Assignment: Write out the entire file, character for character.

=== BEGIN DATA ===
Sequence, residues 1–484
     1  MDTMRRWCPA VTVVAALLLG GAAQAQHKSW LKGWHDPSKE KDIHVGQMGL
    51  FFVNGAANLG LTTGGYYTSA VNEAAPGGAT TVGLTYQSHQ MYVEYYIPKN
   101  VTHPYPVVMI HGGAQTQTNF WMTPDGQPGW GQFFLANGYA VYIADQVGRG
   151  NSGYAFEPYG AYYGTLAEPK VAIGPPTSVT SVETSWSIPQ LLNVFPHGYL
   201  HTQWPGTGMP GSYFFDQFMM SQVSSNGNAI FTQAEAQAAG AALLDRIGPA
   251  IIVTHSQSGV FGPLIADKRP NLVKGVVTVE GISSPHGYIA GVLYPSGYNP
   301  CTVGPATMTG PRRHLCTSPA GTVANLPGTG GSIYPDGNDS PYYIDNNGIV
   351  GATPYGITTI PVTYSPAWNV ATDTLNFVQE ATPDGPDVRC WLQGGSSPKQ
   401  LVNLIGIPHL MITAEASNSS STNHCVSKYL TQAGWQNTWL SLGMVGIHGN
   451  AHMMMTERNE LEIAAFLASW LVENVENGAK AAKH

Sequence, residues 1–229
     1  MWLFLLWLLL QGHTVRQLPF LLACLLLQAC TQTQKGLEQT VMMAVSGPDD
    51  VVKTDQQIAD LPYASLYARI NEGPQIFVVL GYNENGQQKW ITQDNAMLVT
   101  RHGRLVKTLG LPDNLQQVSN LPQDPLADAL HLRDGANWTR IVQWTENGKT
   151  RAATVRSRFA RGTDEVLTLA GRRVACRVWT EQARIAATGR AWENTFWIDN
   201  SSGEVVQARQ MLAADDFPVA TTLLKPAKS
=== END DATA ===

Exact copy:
Sequence, residues 1–484
     1  MDTMRRWCPA VTVVAALLLG GAAQAQHKSW LKGWHDPSKE KDIHVGQMGL
    51  FFVNGAANLG LTTGGYYTSA VNEAAPGGAT TVGLTYQSHQ MYVEYYIPKN
   101  VTHPYPVVMI HGGAQTQTNF WMTPDGQPGW GQFFLANGYA VYIADQVGRG
   151  NSGYAFEPYG AYYGTLAEPK VAIGPPTSVT SVETSWSIPQ LLNVFPHGYL
   201  HTQWPGTGMP GSYFFDQFMM SQVSSNGNAI FTQAEAQAAG AALLDRIGPA
   251  IIVTHSQSGV FGPLIADKRP NLVKGVVTVE GISSPHGYIA GVLYPSGYNP
   301  CTVGPATMTG PRRHLCTSPA GTVANLPGTG GSIYPDGNDS PYYIDNNGIV
   351  GATPYGITTI PVTYSPAWNV ATDTLNFVQE ATPDGPDVRC WLQGGSSPKQ
   401  LVNLIGIPHL MITAEASNSS STNHCVSKYL TQAGWQNTWL SLGMVGIHGN
   451  AHMMMTERNE LEIAAFLASW LVENVENGAK AAKH

Sequence, residues 1–229
     1  MWLFLLWLLL QGHTVRQLPF LLACLLLQAC TQTQKGLEQT VMMAVSGPDD
    51  VVKTDQQIAD LPYASLYARI NEGPQIFVVL GYNENGQQKW ITQDNAMLVT
   101  RHGRLVKTLG LPDNLQQVSN LPQDPLADAL HLRDGANWTR IVQWTENGKT
   151  RAATVRSRFA RGTDEVLTLA GRRVACRVWT EQARIAATGR AWENTFWIDN
   201  SSGEVVQARQ MLAADDFPVA TTLLKPAKS